What Money Can Buy

The Democratic Debates last night were basically who could out gun control the other candidate. Before Bloomberg came along, the gun control movement had virtually no organization or money. He changed all that. We can pat ourselves on the back that gun people will self-organize in the absence of leadership, but if you have the money to buy a top down organization, it doesn’t make it any less effective.

When super wealthy elites decide they want something, they will usually get their way. They might not with this issue because we have so many people who care. But it’s going to be an all-hands-on-deck fight.

Overarching, and across the world, is the fight over globalism. I’ve said in the end globalism will win, because it’s being driven by technological change at its root. The struggle isn’t whether we have transnational systems where the nation state plays a less important role: that will happen. The struggle is whether globalism will be a democratic movement that is controlled by the people for the people’s benefit, or whether it will be a aristocratic movement that benefits the transnational aristocrats. It’s been set up as the latter, and the people are, across the globe, calling foul.

The struggle over the RKBA is downstream of that fight, but what we’re seeing I think fits in the overall struggle. It’s a theme repeated throughout history that aristocrats do not like their subjects being armed. So it was practically inevitable that when the people started asserting themselves against this cultivated global order, the counter-reaction was the aristocracy returning to their traditional fears and anxieties about armed peasants. That anxiety is acting itself out among the pool of Democratic candidates.

12 thoughts on “What Money Can Buy”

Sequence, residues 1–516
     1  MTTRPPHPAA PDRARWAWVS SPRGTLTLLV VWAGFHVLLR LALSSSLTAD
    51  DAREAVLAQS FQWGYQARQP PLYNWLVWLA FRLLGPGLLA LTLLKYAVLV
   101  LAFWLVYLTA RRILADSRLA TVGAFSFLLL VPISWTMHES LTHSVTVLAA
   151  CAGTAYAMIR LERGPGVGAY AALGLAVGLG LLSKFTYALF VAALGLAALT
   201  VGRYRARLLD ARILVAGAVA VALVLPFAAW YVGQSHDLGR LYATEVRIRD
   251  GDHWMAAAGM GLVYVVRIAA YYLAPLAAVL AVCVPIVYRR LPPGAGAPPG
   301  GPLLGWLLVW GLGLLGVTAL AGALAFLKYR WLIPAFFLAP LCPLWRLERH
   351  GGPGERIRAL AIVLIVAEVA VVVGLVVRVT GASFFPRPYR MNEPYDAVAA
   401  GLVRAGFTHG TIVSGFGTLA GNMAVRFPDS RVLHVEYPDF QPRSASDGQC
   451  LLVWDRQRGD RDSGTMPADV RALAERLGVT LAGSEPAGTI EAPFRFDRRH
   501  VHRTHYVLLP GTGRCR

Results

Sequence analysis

1. A perfect example of the globalist hatred of RKBA is the EU’s screwing of Switzerlands previously liberal gun laws.

    1. Or New Zealand going full authoritarian on a notoriously law abiding and peaceful citizenry the second they had an excuse to blame the entire population for the actions of one deranged man.

  2. I still don’t see Bloomy as boogieman you see him as.

    I think this has way less to do with his money and way more to do with the cyclicle nature of politics.

    Plus, Bloomy has only made inroads in the blue states, and purple going blue states. The red states have resisted his money.

    1. One could figure the red states ‘resisting’ his money, but I think that was his covering the bases ‘just in case’.

      His wins in the purple states have been to turn them more blueish and use that to influence the introduction and passage of more antigun state laws.

      He and his minions figured out that if they can’t get his gun control fantasies actualized in one fell federal swoop, they’ll do it piecemeal, state by state as best they can by getting more proggie legislators to pass gun control laws or by funding the initiative petition process. Whichever way get the job done.

      That is what makes him dangerous. Along with funding the campaigns of politicians who will do his bidding, he’s funding a pure direct democracy tyranny of the majority, overruling the constitutional protections of the rights of the minority.

      1. And, it is precisely this federal system that serves as the bulwark against a decisive strike against the 2A.